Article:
Recently in Transport Category
Good old Louise Ellman. Even when Labour were in power, she was a thorn in the side of the Government when it came to train policy. With a coalition government in place, she's now continuing the good fight for rail passengers.
Yesterday, in her role as chair of the transport select committee, Ellman called for health and safety legislation to be reviewed in light of increased overcrowding on trains.
The Rail Safety and Standards Board replied that such a move wasn't need as it was certain safety wasn't being compromised. But when you take into account the Board is run by the rail operating companies, it's no surprise that they'd say that, is it?
Over the past fortnight, Network Rail's pie-in-the-sky dream has been back on the news agenda: high-speed rail.
Lots of whizzy pictures have been floated around of what these super-fast trains could look like as they nip up to Birmingham from London in less than an hour, and to Scotland in less than three hours.
It's all very nice to talk about - saving the planet, empowering the regions and so on - but there's as much chance of it happening within the next decade as there is of David Cameron and Gordon Brown working together to ensure that Prime Minister's Questiontime actually becomes a valuable part of the democratic process.
And nor should it happen. Because, as it stands, the various rail authorities aren't very good at managing the existing rail network.
BACK IN my days as a trainee reporter, I used to supplement my income by working at a large, well-known chain store. An American outfit by birth, each of its huge stores was run on a shoestring budget, but because it had the monopoly in its market, it didn't need to worry too much about customer service.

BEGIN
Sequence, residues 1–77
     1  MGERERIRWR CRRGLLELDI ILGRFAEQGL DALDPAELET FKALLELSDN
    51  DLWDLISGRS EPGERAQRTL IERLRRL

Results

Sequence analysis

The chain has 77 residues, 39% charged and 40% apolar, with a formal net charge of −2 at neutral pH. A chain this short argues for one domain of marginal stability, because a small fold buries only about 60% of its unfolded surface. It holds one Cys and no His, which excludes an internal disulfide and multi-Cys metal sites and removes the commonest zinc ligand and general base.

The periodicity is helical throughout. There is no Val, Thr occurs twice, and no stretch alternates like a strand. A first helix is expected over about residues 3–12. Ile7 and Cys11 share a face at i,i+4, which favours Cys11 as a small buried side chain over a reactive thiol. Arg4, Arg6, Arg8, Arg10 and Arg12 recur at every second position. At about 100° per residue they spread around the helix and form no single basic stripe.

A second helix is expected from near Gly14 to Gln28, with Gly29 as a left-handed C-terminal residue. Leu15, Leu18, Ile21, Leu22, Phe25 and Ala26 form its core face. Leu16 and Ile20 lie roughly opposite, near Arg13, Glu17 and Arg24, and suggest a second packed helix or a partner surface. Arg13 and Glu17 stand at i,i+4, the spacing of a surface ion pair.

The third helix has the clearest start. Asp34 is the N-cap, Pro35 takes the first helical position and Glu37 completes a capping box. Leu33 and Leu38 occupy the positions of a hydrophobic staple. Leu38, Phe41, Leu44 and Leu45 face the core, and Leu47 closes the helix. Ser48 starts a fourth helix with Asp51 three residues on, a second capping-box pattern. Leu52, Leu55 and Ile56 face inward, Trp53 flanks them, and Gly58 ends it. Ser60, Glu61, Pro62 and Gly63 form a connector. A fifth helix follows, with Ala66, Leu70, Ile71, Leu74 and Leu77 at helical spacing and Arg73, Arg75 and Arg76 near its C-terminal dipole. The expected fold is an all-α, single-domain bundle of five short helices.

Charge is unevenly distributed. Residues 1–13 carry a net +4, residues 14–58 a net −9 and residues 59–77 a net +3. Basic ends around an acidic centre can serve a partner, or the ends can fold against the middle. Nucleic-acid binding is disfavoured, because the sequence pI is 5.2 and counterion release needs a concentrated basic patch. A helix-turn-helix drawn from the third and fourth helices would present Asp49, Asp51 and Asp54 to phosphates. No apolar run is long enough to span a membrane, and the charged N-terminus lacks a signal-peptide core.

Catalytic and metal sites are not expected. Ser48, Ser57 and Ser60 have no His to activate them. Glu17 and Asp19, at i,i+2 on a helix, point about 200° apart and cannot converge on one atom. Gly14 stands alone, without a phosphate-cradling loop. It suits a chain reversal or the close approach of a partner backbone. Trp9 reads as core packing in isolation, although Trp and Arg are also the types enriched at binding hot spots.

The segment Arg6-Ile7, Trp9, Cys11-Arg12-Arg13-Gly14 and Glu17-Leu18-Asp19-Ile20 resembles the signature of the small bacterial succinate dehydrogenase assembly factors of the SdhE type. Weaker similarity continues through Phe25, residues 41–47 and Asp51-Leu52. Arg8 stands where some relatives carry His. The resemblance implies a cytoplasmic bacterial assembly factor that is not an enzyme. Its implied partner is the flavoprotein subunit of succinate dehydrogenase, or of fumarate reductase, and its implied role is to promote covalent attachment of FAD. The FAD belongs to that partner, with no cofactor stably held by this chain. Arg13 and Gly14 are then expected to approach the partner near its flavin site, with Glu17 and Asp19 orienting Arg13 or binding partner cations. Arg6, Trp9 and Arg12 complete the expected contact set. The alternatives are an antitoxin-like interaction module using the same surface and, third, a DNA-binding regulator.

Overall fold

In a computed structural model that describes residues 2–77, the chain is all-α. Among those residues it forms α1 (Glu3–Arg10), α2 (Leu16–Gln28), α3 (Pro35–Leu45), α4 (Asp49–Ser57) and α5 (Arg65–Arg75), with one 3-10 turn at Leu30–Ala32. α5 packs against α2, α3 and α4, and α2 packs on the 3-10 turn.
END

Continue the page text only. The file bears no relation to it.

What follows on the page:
That is, apart from the when the MD announced he was visiting. His inspections took place about twice a year, and each time the general store manager would get a call warning him of the visit. This would be the cue for round-the-clock shifts for all staff as store rooms were tidied, products were set to plan and staff from neighbouring stores would be parachuted in ahead of the visit.
The purpose of the visit was to ensure the store was being run to his satisfaction, and the MD in question, who more than just a little like Mr Burns from The Simpsons would stride in, a clutch of Smithers-type characters behind him and proceed to walk about the store and the store rooms in search of faults.
He rarely found one (I once saw him crunch the sole of his shoe on a piece of grit in the loading bay before he turned and asked a manager how it got there) and left, generally, quite happy. About 15 minutes later, the legions from neighbouring branches would be on their way too.
At the time, the pending visit was always good news for part-time workers like me - plenty of extra hours, but I did always wonder if the MD really thought he was getting a real picture of his stores by giving a week or two notice of his pending arrival.
The same can be said of ministerial visits. Although the public may only get to hear of a visit when the crush barriers go up outside school/hospital/town hall/upwardly mobile business, the head's up to those directly involved will have happened months before.
IF voters were split up by personal interest, rather than by geography, it's a safe bet those who fell into the commuting constituency would never vote to re-elect the incumbent government.
And that statement couldn't be more true for than for those commuters who have to suffer the battle up and down the West Coast Mainline week in, week out.
The arrival of privatisation of the rail network came with a string of promises about faster train journey times and plush new trains. To be fair to the Government, it has delivered on both of those promises, but massively late and even more massively over budget.
The Government, however, never mentioned that its consultants had failed to take into account that plush new trains travelling at greater speeds would lead to more passengers wishing to go places on these trains.